Real Name: Harold Budd
Local: LOS ANGELES, California, US
Labels: Advance Recordings, Cantil, Obscure, Polydor K.K., Editions EG, 4AD, Opal Records, All Saints, Materiali Sonori, New Albion, Made To Measure, Polygram Music Publishing, New World Records, Atlantic, Shout! Factory, Edsel Records, Samadhisound, Sub Rosa, RareNoise Records, Darla Records, University Of Southern California, SSR Records, Twentythree,
Profile: Harold Budd has more than 30 solo recordings and collaborations to his credit, from solo piano pieces to densely orchestrated compositions.
Born in Los Angeles May 24, 1936, his love of jazz (he briefly played drums with saxophonist Albert Ayler while serving in the Army) led Harold to get a degree in music composition. He released his first record, the Coltrane-inspired The Pavilion of Dreams, on Brian Eno's Obscure label in 1978 and is still musically active today.
Sites: samadhisound.com/haroldbudd, MySpace
In Groups: Harold Budd & Clive Wright, Jah Wobble's Solaris, Robin Guthrie & Harold Budd
Harold Budd, a modern poet of the piano, has been playing music since his teens, yet it was not until his late 30s that he found his true voice as a composer. And it was only in 1978, with the release of "The Pavilion of Dreams", his first record, that the work of this genial Californian began to find an international audience.
At 15, Budd was an apprentice drummer in love with jazz and bebop, with ambitions to tour with John Coltrane. At 21, he decided to get himself an education and enrolled at Los Angeles Community College for a course in music theory. "From that moment on," he recalls, "I had an insatiable appetite. Harmony, counterpoint, Renaissance music: I really heard it for the first time."
Later, drafted into the army, he played drums in an army band with jazz saxophonist Albert Ayler. Resuming his studies at the University of Southern California, he discovered the abstract expressionist paintings of Mark Rothko. These "brilliant blasts of color that simply engulfed you" held an enormous significance for Budd, but the ability to translate such sensations into musical terms still eluded him.
In the early 60s, under the spell of John Cage amd Morton Feldman, he produced an indeterminate, improvisatory music, moving on, as the decade progressed, to a much more spare and minimalistic style: pieces consisted of quiet drones or simple instructions to the performers.
As the 70s began, Budd ground to an 18-month halt: "I really minimalized myself out of a career" he says now. The turning point came with "Madrigals of the Rose Angel" in 1972, a gently hypnotic work for harp, electric piano, celeste, percussion and lulling, angelic chorus"my favorite instuments"which he wrote for a university festival. Unable at that time to play the piano, Budd decided to learn so he could perform his own keyboard parts, and he has since gone on to develop his own uniquely improvisational, soft pedal style. "I had a vocabulary in which there was an infinite amount of material to draw upon" he says. Brian Eno heard a tape of "Madrigals" and offered Budd the chance to record this and other pieces from the hour-long "Pavilion of Dreams" cycle of Obscure Records. In 1980, the two collaborated on "The Plateaux of Mirror", the second record in Eno's Ambient series: Budd provided the electric and acoustic piano parts and Eno the crystalline studio treatments. This was followed in 1981 by "The Serpent (In Quicksilver)", a piano-based, solo mini-album, and in 1984 by "Abandoned Cities", two brooding side-long pieces, originally written for an art gallery installation, in which Budd revealed the darker side of his musical temperament. The same year, Budd and Eno worked together on "The Pearl", refining their approach on "Plateaux" with 13 poetically titled and exquisitely crafted glimpses of enchanted landscapes and underwater domains.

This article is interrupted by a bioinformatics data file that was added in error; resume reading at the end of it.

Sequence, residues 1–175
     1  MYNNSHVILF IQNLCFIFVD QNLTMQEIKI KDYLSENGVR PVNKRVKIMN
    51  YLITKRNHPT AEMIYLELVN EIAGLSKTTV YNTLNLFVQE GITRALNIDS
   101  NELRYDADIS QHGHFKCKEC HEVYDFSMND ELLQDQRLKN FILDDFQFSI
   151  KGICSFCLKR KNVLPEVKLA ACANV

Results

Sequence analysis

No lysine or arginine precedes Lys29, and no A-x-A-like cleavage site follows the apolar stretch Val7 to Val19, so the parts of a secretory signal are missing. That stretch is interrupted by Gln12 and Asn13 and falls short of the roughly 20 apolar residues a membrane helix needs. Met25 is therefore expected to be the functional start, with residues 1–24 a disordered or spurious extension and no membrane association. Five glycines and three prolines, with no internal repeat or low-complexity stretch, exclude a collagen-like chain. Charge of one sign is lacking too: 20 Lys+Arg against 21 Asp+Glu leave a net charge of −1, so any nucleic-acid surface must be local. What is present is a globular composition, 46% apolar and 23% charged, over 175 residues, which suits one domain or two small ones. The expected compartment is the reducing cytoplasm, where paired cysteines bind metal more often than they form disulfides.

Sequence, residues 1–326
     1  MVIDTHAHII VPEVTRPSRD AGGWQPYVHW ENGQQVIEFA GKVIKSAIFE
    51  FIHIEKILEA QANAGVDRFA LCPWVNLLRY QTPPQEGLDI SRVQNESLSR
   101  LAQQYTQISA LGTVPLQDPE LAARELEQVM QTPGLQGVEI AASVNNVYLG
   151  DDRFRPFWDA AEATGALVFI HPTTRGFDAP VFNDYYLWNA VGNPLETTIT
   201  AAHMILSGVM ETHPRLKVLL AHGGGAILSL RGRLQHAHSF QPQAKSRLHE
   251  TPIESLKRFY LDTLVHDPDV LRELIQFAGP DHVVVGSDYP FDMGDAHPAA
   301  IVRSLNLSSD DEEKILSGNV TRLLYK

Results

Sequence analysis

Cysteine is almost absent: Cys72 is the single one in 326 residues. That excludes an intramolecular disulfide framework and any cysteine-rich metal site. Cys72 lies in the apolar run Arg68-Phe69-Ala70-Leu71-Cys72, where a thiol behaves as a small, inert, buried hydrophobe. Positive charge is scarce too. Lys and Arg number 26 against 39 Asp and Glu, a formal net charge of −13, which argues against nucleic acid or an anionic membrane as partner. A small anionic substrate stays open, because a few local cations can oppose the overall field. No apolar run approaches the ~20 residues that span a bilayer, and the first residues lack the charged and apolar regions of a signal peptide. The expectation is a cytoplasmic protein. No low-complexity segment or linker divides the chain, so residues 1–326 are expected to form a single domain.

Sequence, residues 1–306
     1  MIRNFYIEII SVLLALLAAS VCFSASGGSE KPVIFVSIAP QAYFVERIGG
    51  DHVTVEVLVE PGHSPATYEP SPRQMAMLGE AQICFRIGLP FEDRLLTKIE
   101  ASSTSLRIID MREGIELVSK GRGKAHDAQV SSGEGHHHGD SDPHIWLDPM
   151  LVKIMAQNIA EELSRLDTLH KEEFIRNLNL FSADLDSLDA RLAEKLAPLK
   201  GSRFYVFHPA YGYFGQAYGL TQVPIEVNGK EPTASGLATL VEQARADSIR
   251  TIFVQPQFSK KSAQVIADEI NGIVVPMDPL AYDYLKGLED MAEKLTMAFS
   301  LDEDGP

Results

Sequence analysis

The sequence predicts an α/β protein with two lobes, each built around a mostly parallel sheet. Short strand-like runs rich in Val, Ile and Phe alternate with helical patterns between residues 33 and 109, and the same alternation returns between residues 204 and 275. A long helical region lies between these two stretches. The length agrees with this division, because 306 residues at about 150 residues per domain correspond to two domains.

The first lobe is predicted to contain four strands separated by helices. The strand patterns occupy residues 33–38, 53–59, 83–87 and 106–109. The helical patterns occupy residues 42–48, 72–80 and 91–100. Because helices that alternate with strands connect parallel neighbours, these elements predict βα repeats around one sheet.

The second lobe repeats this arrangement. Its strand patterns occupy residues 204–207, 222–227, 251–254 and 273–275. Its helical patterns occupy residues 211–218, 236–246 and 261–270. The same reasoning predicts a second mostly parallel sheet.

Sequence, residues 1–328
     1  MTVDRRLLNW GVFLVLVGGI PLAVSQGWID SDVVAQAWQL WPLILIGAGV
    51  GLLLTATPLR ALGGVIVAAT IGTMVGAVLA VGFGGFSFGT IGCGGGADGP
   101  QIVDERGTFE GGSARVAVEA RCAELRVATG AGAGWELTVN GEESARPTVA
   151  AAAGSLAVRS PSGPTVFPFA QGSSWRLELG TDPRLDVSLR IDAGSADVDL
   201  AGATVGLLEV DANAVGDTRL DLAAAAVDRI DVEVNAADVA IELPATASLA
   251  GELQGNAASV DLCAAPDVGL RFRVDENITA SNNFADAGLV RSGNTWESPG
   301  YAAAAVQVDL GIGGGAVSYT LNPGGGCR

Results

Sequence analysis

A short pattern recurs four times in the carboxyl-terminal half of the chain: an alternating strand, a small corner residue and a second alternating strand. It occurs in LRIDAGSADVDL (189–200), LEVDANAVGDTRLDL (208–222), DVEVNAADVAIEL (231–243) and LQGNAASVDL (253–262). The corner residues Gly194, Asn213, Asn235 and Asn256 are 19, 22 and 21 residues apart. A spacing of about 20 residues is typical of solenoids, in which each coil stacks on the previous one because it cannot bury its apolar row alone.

In 1986, Budd attracted well-deserved attention for his collaboration with The Cocteau Twins on "The Moon and the Melodies". It was followed by the acclaimed "Lovely Thunder" and his Opal Records debut, "The White Arcades". With "By the Dawn's Early Light" in 1991, Budd introduced spoken poetry into his music. While 1992's "Music for 3 Pianos" (with Ruben Garcia and Daniel Lentz) is again only instrumental, 1994's "She Is a Phantom" continues the music and poetry direction of "Dawn's" and marks a return to composing for ensemble. Released at nearly the same time as "She Is a Phantom", "Through the Hill" was a first-time collaboration with Andy Partridge of XTC, which Budd says "sounds like strangers who spent the afternoon together."
His thematic 2000 release The Room saw a return to a more minimalist approach. His album Avalon Sutra from 2004 was billed as "Harold Budd's Last Recorded Work" by the record label SamadhiSound. Their press release continues: "Avalon Sutra brings to a conclusion thirty years of sustained musical activity. Asked for his reasons, Budd says only that he feels that he has said what he has to say. With characteristic humility, he concludes, I dont mind disappearing!.